In an embodiment, the hydrogen reformer reactor is fueled with a portion of the purified landfill gas stream (e.g., the blend of 50% by volume methane and 50% by volume carbon dioxide produced from the pretreatment system). Since the fuel gas used to fuel the heater of the hydrogen reformer does not mix with the process gas, the presence of carbon dioxide in the fuel gas has no effect on the hydrogen reformation reaction. In another embodiment, the hydrogen reformer may be fueled by gas drawn directly from the landfill, following passage through the methane purification system or from other sources.

After passage through the hydrogen reformer and the shift reactor, the methane stream is preferably converted into a hydrogen-bearing stream. The hydrogen-bearing stream is preferably cooled to recover the excess steam used in the reaction. Following cooling, the hydrogen-bearing stream will preferably have a composition of about 70-80% by volume hydrogen, 10-20% by volume carbon dioxide, 0-5% by volume carbon monoxide, and 0-5% by volume methane.

The hydrogen-bearing stream is preferably conducted to a gas mixer, where it is blended with other process streams to produce naphtha gas. In the gas mixer, the hydrogen-bearing stream is preferably blended with a portion of the purified landfill gas stream and a portion of the purified methane stream. A stream of purified carbon dioxide, produced during the methane purification step, may also be blended to ensure that the produced naphtha gas stream includes a sufficient amount of carbon dioxide. The naphtha gas formed preferably includes between about 40-60% hydrogen, between about 20-40% methane, and between about 10-30% carbon dioxide. More preferably, the formed naphtha gas includes between about 48-51% by volume hydrogen, between about 27-31% by volume methane, between about 17-19% by volume carbon dioxide, between about 0-2.5% by volume carbon monoxide, between about 0-0.5% by volume water, less than about 0.2% by volume oxygen, and less than about 0.1 ppmv VOCs and hydrogen sulfide. The naphtha gas stream may be delivered for end use in equipment which is designed to operate on naphtha gas.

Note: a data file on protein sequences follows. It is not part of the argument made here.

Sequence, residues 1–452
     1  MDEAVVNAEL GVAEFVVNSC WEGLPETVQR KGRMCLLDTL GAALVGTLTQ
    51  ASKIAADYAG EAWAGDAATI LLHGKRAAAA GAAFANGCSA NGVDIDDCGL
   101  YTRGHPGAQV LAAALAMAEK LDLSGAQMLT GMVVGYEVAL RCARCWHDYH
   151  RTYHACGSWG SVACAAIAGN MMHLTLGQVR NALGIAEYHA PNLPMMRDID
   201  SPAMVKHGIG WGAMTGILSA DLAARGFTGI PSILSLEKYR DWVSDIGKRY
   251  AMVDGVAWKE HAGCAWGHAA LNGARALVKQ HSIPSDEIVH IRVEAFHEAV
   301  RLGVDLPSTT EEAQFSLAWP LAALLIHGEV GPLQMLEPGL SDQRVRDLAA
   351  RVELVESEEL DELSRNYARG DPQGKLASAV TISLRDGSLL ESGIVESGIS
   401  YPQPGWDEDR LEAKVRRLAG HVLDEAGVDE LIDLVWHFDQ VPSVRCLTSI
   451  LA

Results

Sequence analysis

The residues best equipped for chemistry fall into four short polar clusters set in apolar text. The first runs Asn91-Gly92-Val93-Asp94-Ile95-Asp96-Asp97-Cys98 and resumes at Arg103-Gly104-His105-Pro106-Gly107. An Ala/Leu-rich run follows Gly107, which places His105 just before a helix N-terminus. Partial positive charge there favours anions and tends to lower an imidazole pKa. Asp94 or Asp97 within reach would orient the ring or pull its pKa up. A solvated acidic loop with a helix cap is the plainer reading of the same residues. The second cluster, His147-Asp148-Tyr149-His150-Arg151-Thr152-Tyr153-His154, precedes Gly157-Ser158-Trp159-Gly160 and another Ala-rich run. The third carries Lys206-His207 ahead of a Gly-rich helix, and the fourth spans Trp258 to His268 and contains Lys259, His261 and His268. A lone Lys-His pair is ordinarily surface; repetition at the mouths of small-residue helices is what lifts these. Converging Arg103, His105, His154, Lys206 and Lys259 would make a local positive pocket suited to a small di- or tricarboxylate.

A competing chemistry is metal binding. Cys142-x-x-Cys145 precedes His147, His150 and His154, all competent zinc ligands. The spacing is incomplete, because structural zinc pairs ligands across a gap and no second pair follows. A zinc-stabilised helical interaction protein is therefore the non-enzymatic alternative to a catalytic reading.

BRIEF DESCRIPTION OF THE DRAWINGS

FIG. 1 depicts a system for producing naphtha fuel from landfill gas.

FIG. 2 depicts a membrane based methane purification system.

DETAILED DESCRIPTION OF THE PREFERRED EMBODIMENTS

Naphtha gas is a fuel gas that is typically produced from the cracking of naphtha fuel. As used in this patent, the term "naphtha gas" is taken to mean a gas which includes a mixture of hydrogen, methane, and carbon dioxide. As used in this patent, the term "landfill gas" is taken to mean any gas which includes a mixture of methane and carbon dioxide gases. Typically, landfill gas includes about 40-60% methane, 40-60% carbon dioxide, and trace amounts of contaminants such as volatile organic compounds ("VOCs") and hydrogen sulfide. Landfill gas is typically produced in landfills via the decomposition of cellulose materials. While this may be the primary source of landfill gas, it should be understood that any gas stream containing mixtures of carbon dioxide and methane may be used as "landfill gas" in the current method.